eco TV Week

The psychology of protectionism


Corporate America is increasingly confronted with the consequences of tariff increases and is concerned that more is to come. This is a reminder that protectionism influences the economy not only directly via prices or changes in supply and demand but also indirectly because of increased uncertainty.


TRANSCRIPT // The psychology of protectionism : July 2018

In the Federal Reserve’s recently published Beige Book, manufacturing companies across the United States have expressed concern about rising tariffs. Prices have increased in many regions, and supply chain disruptions have been reported, largely due to the new trade policy.

Protectionist measures are beginning to have a real impact on both prices and activity, but the threat of further retaliatory measures is also having a psychological effect by increasing uncertainty. The longer the period of uncertainty lasts, the greater the consequences for activity.

This is especially true for decisions that imply long-term commitments that are quasi-irreversible. As a result, corporate investment is much more sensitive to protectionist uncertainty than household consumption.

As a factor of influence, uncertainty is completely different from other transmission channels: even assuming that trading partners manage to reach an agreement after virtually unending negotiations, the damage may already have been done through a drop-off in investment.

Mark Carney, Governor of the Bank of England, indicated in a speech recently that the psychological impact – via the erosion of confidence – and the deterioration in financial conditions could be just as big as the direct impact of tariff measures.

The power struggles, tit-for-tat retaliatory threats, and deal-making process of trade wars have a high psychological content through the confusion and turmoil they create for spectators, foremost of which are companies, but also for the negotiators themselves.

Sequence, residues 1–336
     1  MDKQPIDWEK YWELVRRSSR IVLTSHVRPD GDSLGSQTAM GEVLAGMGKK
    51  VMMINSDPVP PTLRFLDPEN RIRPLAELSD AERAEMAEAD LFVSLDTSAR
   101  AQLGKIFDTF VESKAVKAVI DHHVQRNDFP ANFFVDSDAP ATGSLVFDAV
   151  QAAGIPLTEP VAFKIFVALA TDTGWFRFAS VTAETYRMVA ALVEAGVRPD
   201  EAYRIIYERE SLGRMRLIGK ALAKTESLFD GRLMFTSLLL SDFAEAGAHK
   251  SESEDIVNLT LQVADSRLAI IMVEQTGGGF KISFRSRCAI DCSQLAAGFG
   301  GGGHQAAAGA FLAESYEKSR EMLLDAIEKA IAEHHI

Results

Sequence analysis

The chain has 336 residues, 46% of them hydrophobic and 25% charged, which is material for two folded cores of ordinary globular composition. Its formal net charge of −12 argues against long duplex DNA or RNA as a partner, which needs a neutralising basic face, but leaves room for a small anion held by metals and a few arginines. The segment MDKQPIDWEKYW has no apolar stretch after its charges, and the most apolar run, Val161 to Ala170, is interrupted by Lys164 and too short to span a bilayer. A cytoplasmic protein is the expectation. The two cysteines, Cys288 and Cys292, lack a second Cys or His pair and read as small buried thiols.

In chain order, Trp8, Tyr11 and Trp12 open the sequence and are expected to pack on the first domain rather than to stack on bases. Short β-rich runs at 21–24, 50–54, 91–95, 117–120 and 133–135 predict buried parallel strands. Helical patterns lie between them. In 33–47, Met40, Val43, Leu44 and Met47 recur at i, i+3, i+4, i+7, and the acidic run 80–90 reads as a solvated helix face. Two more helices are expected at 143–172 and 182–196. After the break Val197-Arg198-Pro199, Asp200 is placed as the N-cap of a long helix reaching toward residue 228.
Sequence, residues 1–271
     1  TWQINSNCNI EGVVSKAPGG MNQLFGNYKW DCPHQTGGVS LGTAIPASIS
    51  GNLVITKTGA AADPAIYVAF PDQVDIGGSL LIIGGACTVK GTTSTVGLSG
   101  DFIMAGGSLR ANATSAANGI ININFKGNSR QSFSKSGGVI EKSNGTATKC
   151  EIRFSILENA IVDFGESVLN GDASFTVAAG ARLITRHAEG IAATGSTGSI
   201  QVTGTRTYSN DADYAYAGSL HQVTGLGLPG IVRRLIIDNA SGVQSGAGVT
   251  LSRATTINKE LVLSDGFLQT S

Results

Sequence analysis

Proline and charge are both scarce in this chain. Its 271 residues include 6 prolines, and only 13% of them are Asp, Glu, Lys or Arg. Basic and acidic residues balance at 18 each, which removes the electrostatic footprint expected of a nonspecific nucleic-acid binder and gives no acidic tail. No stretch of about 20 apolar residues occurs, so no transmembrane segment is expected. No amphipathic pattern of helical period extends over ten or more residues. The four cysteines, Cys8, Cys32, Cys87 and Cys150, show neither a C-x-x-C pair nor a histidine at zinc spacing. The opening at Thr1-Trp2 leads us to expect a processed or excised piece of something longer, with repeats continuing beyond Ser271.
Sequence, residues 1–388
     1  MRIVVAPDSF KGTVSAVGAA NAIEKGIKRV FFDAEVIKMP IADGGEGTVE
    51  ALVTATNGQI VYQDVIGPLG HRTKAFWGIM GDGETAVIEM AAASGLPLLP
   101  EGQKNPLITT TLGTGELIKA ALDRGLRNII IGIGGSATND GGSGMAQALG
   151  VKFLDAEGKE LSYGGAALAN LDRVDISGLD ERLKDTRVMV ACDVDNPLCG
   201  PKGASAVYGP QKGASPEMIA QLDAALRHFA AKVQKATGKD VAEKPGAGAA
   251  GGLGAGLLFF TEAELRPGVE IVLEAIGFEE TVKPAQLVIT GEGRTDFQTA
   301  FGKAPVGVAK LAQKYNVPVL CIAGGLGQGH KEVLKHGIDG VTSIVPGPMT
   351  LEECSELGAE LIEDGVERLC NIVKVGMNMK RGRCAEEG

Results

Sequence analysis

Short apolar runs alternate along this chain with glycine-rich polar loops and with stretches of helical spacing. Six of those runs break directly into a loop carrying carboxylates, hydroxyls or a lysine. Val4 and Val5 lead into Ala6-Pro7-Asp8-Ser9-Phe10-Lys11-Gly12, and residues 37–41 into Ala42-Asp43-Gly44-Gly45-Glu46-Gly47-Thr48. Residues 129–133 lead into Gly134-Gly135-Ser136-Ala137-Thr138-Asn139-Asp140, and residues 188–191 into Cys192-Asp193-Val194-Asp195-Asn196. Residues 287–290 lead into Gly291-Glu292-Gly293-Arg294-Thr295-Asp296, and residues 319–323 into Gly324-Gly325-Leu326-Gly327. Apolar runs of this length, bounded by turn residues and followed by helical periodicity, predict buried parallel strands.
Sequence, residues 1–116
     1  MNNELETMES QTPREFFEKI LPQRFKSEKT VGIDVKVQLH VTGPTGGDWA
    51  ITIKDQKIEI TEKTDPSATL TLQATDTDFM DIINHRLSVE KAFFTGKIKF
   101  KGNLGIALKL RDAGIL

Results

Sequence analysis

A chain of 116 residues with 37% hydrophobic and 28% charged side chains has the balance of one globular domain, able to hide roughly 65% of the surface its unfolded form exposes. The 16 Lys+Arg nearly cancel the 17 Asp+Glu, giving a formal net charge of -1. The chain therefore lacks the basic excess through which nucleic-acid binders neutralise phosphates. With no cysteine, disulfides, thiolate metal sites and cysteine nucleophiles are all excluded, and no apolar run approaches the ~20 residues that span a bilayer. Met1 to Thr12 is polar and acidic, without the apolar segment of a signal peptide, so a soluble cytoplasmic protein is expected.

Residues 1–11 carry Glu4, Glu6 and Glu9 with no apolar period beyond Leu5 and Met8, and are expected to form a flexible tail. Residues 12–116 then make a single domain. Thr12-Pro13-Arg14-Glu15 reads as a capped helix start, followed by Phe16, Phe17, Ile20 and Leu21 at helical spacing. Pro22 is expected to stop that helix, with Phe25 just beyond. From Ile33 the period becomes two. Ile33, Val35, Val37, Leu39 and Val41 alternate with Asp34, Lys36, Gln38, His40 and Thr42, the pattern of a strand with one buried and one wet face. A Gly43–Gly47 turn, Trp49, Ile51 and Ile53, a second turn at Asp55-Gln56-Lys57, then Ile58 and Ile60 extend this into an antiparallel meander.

A recent article in the New York Times drew attention to the role of loss aversion. This concept of behavioural economics was developed by Richard Thaler, winner of the Noble Prize of Economics, among others. International trade specialists have applied this concept to their field by claiming that politicians would be more sensitive to the complaints of businesses hurt by international competition than from those praising its benefits

Yet, as the New York Times points out, this logic reverses itself when a lot of companies begin to feel the pain of protectionist threats. The Beige Book seems to confirm this trend, and the US media is reporting lots of stories along these lines.

Optimists will see this as providing a ray of hope, that with the approach of mid-term elections on 6 November, President Trump could be pressured to seek compromise with his trading partners.

The alternative is an extended period of uncertainty that will increasingly carry over to economic surveys and the financial markets, and the equity market in particular.


To go further on this subject

Read The New York Times article: Two Words That Could Shape the Politics of the Trade War: Loss Aversion

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